Breakfast in Constantinople

A collection by Lawrence “Mack in Texas” Hall

An Aging Hunter-Gatherer on Morning Patrol

Up before dawn for coffee with Venus
Cool and dry, a San Diego dawn
Medicines for the creaky old dog
Medicines for the creaky old me

Early to town for a Connie-cut
At girly Designs Et Cetera
North of town past the traffic light
The school board, taxes, marriages, and deaths

A cruise by the Sonic for cholesterol
Home to think about mowing the yard

At the Hissing Electric Eye Doors

An old man shuffles his walker to the doors
The sanitary wipes are to the left
A gum-chewer brushes by with a plastic sack
Ranks of shopping carts rust to the right

A child skips through; her mother yells, “Wait! Wait!”
A three-color circular blows by
An angry woman flings her cigarette down
Right there beneath the NO SMOKING sign

Another old man growls, “Son of a #$&%*!”
Because he’s pulled the cart with a wobbly wheel

Destry Rides No More

The Long Branch Saloon became a Goodwill
And then a souvenir shop, before it burned
The Santa Fe Trail is a two-lane blacktop
Lined with peep shows, tattoo parlors, and KFC

Boot Hill features clean restrooms and a gift shop
Curly the Cowboy cooks at the Dairy Queen
And lives in a trailer next to the pueblo fence
He owns a complete set of Louis L’Amour
(In hand-tooled leather)

John Ford filmed the Duke riding into the sunset
Where the tribal president parks her 250 Ford

Breakfast in Constantinople

The waitress greeted us in Saint Petersburg
We drank strong coffee in Alexandria
Our omelets were served in Cambridgeshire
As we gossiped in the narthex of Hagia Sophia

We briefly sat in the halls of Congress and idled
And said good morning to Shelley and Keats
We admonished die Rheintochter to behave themselves
But they ignored us and flirted with some sailors

What fun in table-talk as the day begins –
There’s nothing more joyful than breakfast with friends!

Goodbye, Shopping Mall

I’m only here for the restrooms, foul as they are
Employees Must Wash Hands
At the end of corridors which end in corridors
Darker and narrower as they go along
Empty spaces, empty stores, emptiness

Someone is sleeping on a decorative bench
No Firearms / Prohibido Portas Armas De Fuego
Outside a nail salon that closed years ago
And a bookstore that closed years ago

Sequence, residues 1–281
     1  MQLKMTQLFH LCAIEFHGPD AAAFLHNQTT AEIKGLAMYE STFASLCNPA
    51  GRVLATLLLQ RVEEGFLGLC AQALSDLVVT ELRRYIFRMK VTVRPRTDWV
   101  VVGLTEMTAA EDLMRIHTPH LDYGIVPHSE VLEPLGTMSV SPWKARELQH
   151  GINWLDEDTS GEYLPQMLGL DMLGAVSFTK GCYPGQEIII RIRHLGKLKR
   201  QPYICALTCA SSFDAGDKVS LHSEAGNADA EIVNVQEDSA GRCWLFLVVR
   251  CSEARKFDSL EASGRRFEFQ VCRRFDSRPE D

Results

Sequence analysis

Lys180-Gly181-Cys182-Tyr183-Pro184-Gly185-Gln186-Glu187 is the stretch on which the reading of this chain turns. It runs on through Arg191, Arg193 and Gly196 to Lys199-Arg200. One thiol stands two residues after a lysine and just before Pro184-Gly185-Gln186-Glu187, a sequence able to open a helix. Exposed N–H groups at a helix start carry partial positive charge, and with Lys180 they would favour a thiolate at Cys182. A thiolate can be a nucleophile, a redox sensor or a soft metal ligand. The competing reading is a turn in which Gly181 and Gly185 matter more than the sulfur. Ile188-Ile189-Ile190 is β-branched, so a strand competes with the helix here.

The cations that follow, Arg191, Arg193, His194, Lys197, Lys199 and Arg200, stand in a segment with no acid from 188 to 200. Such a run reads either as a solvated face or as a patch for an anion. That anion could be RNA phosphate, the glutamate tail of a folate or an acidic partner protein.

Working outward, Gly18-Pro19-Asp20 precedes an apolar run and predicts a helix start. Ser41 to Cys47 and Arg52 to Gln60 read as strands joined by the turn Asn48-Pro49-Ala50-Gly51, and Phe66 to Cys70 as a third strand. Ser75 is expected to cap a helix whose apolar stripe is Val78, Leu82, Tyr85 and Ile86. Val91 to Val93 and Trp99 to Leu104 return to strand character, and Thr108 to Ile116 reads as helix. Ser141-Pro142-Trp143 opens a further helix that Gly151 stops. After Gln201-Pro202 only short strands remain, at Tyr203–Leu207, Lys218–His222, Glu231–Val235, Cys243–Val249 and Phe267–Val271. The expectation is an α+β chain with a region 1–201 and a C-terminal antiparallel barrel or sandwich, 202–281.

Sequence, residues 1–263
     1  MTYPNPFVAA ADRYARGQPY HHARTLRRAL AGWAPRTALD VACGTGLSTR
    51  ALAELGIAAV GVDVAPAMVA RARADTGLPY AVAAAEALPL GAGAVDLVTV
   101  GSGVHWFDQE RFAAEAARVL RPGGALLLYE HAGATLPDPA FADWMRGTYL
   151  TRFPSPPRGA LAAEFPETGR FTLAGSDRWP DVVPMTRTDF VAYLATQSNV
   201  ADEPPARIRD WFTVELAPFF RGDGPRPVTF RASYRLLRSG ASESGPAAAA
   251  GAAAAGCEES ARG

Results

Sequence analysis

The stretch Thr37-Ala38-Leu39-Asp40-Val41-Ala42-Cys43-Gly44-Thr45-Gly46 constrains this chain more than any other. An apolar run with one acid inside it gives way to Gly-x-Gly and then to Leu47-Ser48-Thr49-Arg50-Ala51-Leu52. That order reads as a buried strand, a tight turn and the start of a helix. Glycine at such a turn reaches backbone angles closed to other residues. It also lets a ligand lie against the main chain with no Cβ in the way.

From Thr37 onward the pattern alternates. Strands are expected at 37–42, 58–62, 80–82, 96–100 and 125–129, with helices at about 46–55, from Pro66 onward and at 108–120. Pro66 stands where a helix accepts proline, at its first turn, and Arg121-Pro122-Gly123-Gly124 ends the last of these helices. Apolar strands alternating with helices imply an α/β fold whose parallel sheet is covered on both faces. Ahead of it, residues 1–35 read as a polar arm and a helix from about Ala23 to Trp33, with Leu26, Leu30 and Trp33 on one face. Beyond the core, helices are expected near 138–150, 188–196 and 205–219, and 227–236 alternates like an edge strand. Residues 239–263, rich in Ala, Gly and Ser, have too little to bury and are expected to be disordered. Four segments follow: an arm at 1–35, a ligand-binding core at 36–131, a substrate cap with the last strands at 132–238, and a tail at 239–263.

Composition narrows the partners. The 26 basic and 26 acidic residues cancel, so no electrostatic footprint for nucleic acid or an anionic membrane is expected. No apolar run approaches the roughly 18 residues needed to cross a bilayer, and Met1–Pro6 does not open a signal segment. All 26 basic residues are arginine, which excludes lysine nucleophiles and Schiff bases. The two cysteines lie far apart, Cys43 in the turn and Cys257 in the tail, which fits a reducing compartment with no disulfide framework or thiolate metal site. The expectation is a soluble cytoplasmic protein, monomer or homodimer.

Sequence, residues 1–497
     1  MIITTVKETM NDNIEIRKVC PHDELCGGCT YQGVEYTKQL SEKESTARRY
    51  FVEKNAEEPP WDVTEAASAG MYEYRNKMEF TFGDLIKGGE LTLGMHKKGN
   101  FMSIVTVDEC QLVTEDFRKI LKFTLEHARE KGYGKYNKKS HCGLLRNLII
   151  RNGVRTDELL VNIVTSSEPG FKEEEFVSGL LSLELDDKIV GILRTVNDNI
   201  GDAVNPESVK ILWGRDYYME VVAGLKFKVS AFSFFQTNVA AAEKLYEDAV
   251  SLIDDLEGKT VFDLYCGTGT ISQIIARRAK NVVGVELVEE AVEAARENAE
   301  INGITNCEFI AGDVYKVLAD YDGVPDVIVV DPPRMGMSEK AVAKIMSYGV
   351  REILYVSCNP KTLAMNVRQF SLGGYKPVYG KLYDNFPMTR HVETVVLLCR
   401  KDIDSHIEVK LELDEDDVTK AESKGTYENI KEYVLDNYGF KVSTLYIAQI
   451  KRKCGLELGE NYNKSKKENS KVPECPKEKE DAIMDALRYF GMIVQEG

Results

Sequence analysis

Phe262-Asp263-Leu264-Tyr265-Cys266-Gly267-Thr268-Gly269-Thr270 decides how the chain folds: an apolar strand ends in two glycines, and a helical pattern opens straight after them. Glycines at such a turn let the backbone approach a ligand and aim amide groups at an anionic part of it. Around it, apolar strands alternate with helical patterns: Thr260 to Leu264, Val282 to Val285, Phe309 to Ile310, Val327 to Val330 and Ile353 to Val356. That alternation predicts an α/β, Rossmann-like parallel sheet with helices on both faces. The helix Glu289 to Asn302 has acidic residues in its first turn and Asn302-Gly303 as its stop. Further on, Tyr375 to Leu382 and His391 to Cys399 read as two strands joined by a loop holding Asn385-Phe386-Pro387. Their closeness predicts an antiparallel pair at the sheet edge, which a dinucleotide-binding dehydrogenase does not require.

And a boutique that closed years ago

The geriatric mall-walkers have arrived
Hide Your Merchandise and Lock Your Car
The few remaining stores don’t open ‘til ten

I Met a Girl in Newfoundland

She was seated behind the courtesy desk
At the Costco in Saint John’s
All bundled up and shivering
On a drizzly morning in July

“Oh, it’s not that cold,” I laughed
“I’ve never been warm in my life,” she replied
“I’ve never been off this island
And I’ve never been warm in my life”

After a pause, I slunk away
To ponder my coldness that summer day

There is No Symbolism in a Flat Tire

There is no symbolism in a flat tire
This morning it was round, and now it is not
Part of it is round, and part of it is flat
Either way, it’s not going anywhere

Not to the movies, or for coffee with a friend
Or to the grocery for that famous loaf of bread
Which through mitosis becomes shopping for a week
And I didn’t know you like asparagus

A tire cannot fly us to the moon with Sinatra
It never could. But Denny’s with you would do

A Chewing-Gum Girl Waiting for the Sunset Limited

Long, long ago

In the station at Tucson we waited
Someone said the locomotive burned in the desert
A girl with earphones chewed gum through the hours:
Roundy-CHOMP, roundy-CHOMP, roundy-CHOMP-CHOMP

Her eyes were closed, her music was her god
She clutched a leatherette case of tapes
Just as some clutch a Bible, and chewed:
Roundy-CHOMP, roundy-CHOMP, roundy-CHOMP-CHOMP

Her mechanical chomps could have been the rhythm
Of the passenger train that wasn’t there
My paperback novel never joined in:
Roundy-CHOMP, roundy-CHOMP, roundy-CHOMP-CHOMP

I don’t remember her boarding the train
That in the evening finally arrived
She might be in the Tucson station still:
Roundy-CHOMP, roundy-CHOMP, roundy-CHOMP-CHOMP

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